A study reviews data on the indications for use of antipsychotics in elderly patients with dementia across four clinical settings in Canada.
Dementia is a medical condition that affects the brain and causes memory loss. It is more common for older adults. Antipsychotics are a class of medications that are mainly used to manage psychotic disorders, including schizophrenia and bipolar disorder. Symptoms expressed by psychotic disorders include mania, hallucinations, and delusions. The use of antipsychotics is not recommended in managing elderly patients with dementia, in the absence of behavioral or psychotic symptoms. The objective of the study was to evaluate the prevalence of antipsychotic medication use in this patient population.
The retrospective study was published in the journal BMC Geriatrics and included data from eight provinces and one territory in Canada. The researchers obtained their data from four different clinical settings. These include complex continuing care hospitals (CCC), patients in acute care hospitals who no longer required an acute care bed (otherwise known as Alternate Level of Care or ALC), long-term care nursing homes (LTC), and long-stay home care (HC). The researchers included data from adults with dementia, aged 65 years or older, but were unable to determine the name, dose, and duration of use of the antipsychotics administered.
The researchers reviewed behavioral and psychotic symptoms exhibited three days prior to the assessment. They also looked at antipsychotic medication administered seven days before the assessment. Behavioral symptoms reviewed include verbal abuse, physical abuse, social inappropriateness, and resisting care from the caregiver. Psychotic symptoms reviewed include hallucinations and delusions.The results of the analysis show that the use of antipsychotics was most common in elderly patients exhibiting both behavioral and psychotic symptoms. In the absence of behavioral and psychotic symptoms, antipsychotic use was most common in the alternate level of care setting at 32%. The long-term care setting was the second most common at 29%, followed by complex continuing care hospitals (20%) and home care(12%).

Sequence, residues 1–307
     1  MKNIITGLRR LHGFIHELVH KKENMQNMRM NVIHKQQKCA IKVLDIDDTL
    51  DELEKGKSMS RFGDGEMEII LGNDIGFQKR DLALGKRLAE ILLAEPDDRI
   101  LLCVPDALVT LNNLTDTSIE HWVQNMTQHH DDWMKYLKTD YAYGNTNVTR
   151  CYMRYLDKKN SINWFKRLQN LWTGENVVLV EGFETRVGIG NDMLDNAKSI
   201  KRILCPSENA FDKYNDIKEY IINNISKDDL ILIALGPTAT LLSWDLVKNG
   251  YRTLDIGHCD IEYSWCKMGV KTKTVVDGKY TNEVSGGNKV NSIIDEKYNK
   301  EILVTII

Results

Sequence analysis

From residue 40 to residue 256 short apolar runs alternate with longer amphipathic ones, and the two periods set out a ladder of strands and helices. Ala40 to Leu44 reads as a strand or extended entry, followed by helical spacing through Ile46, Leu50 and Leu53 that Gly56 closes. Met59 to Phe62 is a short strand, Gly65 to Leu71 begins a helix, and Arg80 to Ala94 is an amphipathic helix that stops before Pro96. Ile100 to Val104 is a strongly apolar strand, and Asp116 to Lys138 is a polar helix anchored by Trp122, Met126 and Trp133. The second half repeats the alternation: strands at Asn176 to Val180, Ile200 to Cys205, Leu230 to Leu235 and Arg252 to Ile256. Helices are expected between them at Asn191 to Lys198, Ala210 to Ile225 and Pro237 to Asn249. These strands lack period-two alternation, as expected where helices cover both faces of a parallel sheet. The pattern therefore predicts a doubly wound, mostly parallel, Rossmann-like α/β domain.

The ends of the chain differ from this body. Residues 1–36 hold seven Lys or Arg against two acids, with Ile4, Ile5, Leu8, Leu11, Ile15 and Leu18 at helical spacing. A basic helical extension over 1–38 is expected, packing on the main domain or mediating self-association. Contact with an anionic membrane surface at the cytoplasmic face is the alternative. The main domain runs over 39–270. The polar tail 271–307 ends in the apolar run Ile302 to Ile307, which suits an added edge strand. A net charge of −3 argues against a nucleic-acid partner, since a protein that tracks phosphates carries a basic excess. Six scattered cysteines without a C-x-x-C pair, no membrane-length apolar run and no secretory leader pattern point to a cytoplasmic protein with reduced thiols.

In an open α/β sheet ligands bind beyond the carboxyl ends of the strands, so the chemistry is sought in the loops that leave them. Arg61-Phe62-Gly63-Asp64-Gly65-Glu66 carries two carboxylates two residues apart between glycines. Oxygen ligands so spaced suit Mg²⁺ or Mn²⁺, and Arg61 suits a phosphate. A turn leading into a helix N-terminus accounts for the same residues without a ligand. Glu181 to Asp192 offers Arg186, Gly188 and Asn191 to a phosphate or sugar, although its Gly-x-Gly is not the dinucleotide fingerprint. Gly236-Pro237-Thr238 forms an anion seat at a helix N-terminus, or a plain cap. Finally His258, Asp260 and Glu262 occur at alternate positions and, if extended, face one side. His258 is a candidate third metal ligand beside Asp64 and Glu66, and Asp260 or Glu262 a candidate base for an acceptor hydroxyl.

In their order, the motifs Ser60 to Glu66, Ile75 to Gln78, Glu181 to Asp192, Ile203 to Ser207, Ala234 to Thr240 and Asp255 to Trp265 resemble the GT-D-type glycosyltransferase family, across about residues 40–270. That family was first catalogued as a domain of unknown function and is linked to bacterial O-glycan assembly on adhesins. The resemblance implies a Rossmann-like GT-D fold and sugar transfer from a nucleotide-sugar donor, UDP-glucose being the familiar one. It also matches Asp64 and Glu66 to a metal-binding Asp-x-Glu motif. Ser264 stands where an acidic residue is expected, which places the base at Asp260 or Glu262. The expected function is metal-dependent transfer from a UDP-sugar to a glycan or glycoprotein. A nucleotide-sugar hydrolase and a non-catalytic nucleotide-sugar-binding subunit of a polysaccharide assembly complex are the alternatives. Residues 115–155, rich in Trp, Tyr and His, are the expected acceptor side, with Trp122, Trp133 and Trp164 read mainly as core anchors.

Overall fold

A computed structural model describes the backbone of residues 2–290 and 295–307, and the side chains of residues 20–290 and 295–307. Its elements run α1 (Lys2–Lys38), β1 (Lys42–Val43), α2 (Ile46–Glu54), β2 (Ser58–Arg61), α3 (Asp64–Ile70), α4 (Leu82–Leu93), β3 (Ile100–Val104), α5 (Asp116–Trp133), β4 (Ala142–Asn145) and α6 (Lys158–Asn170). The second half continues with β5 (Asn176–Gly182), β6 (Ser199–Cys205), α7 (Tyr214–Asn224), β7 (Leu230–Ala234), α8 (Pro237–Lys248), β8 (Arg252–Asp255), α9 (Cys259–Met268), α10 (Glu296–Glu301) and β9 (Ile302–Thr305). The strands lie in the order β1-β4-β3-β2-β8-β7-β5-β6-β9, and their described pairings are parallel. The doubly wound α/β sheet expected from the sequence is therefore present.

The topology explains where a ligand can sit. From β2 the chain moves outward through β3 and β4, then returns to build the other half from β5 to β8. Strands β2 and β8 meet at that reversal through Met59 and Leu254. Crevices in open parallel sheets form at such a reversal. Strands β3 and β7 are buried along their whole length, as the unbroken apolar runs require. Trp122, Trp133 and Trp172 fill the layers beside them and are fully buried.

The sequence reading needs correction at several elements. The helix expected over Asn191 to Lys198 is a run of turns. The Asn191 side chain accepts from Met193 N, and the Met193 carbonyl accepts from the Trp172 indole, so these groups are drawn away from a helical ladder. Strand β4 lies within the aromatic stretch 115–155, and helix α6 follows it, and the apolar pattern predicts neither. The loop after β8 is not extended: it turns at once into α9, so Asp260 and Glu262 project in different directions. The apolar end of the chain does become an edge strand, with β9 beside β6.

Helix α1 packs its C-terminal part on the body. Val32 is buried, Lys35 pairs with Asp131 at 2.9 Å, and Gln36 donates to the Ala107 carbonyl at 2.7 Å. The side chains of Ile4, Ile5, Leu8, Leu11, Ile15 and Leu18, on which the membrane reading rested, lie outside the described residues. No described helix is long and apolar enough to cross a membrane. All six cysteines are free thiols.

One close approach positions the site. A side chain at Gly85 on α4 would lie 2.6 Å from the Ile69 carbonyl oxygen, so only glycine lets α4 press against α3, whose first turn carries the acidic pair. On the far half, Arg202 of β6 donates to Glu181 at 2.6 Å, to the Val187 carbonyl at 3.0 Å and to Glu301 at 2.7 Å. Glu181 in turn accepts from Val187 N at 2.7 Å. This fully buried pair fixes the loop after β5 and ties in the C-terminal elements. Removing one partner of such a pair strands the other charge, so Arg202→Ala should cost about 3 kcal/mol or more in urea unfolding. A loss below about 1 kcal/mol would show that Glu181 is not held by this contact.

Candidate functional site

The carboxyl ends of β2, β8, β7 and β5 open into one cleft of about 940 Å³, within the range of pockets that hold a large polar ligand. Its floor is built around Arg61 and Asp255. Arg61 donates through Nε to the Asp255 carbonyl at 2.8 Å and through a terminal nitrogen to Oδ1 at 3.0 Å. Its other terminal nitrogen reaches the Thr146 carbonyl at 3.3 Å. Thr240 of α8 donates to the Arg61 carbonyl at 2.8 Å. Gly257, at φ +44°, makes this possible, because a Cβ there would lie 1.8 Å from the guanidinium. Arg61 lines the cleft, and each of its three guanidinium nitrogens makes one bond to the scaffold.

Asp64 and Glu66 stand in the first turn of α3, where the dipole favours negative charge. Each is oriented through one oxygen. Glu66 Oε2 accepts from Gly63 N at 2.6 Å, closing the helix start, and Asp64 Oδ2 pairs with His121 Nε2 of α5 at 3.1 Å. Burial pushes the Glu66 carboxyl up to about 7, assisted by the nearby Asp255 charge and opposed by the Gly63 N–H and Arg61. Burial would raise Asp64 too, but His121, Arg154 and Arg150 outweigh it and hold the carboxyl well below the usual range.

It is unclear whether the patients with no behavioral and/or psychotic symptoms had a psychotic disorder diagnosis. A prior diagnosis would explain the need for the medication. While the results of the study indicate the possible over-use of this drug class in elderly patients with dementia, more information is required. The higher prevalence of antipsychotic use in institutions indicates that staff education in managing uncomfortable behavior in elderly patients might be beneficial.
Antipsychotics, as with all other drug classes, should be used only as indicated except when appropriately used for off-label purposes. Elderly patients are more sensitive to medications and it is important to avoid exposing them to the risk of medication side effects when possible.
Written by Anuolu Bank-Oni, Pharm.D, CDE
Reference: Rios et al. “Antipsychotics and dementia in Canada: a retrospective cross-sectional study of four health sectors”. BMC Geriatrics. 23 October 2017.